Church on Spilled Blood - Table of Contents ............... Architecture Around the World

Exterior - The Church on Spilled Blood
A.K.A.  as the Church of Our Savior on Blood and the Church of the Resurrection of Jesus Christ
St. Petersburg
, Russia

Name explanation: This Russian Byzantine Revival style church was built on the spot where Emperor Alexander II was assassinated in March 1881 by a group of revolutionaries who threw a bomb at his royal carriage.

Architecturally, the Cathedral differs from St. Petersburg's other structures. The city's architecture is predominantly Baroque and Neoclassical, but the Savior on Blood harks back to medieval Russian Byzantine architecture in the spirit of romantic nationalism. It intentionally resembles the 17th-century Yaroslavl churches and the celebrated St. Basil's Cathedral in Moscow.

The decision was taken to build a church on the spot where the Emperor was mortally wounded. The church was built between 1883 and 1907 and was officially called the Resurrection of Christ Church (a.k.a. The Church of Our Savior on Spilled Blood ).

The construction of the church was almost entirely funded by the Imperial family and thousands of private donators.

Both the interior and exterior of the church is decorated with incredibly detailed mosaics, designed and created by the most prominent Russian artists of the day (V.M. Vasnetsov, M.V. Nesterov and M.A. Vrubel). Interestingly, despite the church’s very obviously Russian aspect, its principle architect, A. Parland, was not even Russian by birth.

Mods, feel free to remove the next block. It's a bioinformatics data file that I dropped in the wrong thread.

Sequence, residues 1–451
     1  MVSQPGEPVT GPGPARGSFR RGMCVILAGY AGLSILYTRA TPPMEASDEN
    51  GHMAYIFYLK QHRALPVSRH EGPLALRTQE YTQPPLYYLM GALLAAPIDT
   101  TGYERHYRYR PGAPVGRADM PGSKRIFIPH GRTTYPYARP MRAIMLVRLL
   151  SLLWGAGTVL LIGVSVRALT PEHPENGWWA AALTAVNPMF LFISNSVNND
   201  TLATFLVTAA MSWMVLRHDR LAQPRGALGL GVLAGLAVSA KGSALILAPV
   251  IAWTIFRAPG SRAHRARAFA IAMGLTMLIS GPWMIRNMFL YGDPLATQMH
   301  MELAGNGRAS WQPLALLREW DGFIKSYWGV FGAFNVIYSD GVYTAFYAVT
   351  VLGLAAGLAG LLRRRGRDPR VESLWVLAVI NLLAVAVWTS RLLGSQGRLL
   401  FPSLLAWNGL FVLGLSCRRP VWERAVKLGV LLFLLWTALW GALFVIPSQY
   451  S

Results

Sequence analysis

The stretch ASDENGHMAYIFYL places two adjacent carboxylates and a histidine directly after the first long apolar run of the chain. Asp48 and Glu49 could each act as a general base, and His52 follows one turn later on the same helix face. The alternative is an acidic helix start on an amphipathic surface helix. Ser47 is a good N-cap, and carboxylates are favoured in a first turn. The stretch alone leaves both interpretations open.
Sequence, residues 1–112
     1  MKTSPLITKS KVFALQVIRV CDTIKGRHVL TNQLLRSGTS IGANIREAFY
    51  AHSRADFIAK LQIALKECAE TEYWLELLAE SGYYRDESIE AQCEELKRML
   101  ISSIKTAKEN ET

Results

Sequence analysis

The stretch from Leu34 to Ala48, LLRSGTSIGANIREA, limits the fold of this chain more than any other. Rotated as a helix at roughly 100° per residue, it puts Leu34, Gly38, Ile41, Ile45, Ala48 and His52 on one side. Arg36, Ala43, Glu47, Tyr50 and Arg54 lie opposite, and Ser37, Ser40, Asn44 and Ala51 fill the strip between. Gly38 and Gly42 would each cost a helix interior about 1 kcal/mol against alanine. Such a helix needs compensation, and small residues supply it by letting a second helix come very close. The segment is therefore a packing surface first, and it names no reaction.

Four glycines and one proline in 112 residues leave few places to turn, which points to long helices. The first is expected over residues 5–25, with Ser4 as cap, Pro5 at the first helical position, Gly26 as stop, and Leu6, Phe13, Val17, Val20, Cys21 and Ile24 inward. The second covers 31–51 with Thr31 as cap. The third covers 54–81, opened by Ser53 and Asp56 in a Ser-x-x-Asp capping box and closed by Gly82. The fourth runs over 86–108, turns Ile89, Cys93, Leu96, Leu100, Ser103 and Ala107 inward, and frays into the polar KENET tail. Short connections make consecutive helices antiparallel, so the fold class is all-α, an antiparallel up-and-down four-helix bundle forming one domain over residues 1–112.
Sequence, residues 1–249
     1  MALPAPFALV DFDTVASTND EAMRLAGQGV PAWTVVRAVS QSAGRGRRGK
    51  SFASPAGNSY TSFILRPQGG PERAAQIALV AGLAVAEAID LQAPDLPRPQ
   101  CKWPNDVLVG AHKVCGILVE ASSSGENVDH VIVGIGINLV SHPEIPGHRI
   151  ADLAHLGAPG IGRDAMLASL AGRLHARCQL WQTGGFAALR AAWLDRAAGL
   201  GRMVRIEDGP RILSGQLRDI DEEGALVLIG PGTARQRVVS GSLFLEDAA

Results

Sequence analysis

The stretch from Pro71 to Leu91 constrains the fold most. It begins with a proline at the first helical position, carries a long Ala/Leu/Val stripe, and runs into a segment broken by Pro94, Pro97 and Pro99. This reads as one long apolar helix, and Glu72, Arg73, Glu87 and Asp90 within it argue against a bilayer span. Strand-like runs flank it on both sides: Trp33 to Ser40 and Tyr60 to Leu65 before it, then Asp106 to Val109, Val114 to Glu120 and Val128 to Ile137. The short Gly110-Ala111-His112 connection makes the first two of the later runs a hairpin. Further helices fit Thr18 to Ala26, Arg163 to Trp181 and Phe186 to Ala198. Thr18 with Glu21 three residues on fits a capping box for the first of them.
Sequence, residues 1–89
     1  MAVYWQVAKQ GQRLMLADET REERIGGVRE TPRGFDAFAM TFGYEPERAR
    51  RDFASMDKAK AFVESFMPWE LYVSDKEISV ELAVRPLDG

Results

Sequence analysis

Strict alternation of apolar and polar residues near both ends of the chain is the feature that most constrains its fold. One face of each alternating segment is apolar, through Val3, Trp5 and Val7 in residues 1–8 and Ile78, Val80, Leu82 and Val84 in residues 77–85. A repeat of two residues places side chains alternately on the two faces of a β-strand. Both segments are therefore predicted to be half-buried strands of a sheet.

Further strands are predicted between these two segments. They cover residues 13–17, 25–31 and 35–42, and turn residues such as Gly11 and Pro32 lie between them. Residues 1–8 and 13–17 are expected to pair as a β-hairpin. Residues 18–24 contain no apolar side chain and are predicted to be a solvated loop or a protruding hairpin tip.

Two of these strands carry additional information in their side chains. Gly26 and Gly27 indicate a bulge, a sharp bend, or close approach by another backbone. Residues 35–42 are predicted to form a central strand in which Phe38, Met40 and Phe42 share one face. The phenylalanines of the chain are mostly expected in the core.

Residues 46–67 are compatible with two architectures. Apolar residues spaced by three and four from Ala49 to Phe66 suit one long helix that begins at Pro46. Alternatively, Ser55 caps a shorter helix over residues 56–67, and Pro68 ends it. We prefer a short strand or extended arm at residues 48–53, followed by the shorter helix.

The church was closed for services in the 1930s, when the Bolsheviks went on an offensive against religion and destroyed churches all over the country. It remained closed and under restoration for over 30 years and was finally re-opened in 1997 in all its dazzling former glory.







The church is prominently situated along the Griboedov (Catherine) Canal. The section of street where the assassination took place was enclosed within the walls of the church, and part of the canal filled to allow the street to pass around the building.




Designed by the Church architect Alfred Parland (1842-1919) in the Art Nouveau style.





Basic plan: open petals of an immortelle flower. famous with its long-lasting ("immortal") beauty since it could maintain its form and color when it is dried. 
Five cupolas with onion-shaped domes: central cupola capping a tent roof and surrounded by four cupolas.
 
Column-like, 
two-story bell tower (at far left, west)  stands on spot where the emperor was assassinated.  In order to erect it, the body of the church was extended beyond the embankment and thus juts into the canal. As a result, the building does not have the usual central entrance.




Center: Enameled tile tent roof.
Three tile onion domes.
Gilded finials top the domes.


The domes are covered with gilded or enameled sheets of brass.


Gilded brass onion-shaped domes



Center: Enameled brass  onion-shaped dome

Right
Gilded brass onion-shaped dome



Gilded brass onion-shaped dome




Resurrection mosaic in central arched gable of the north facade designed by Mikhail Nestorov.



Note 6-winged Seraphim angels




Double-headed eagle is Russia's official symbol.




Walls are faced with red-brown and glazed variegated Siegersdorf brick.



Portico with gilded vergeboards.




The Bearing of the Cross in the north arched gable of the north-west portico designed by Viktor Vasnetsov.





Gilded cresting.  Variegated tiles.


Photos and their arrangement 2010 Chuck LaChiusa
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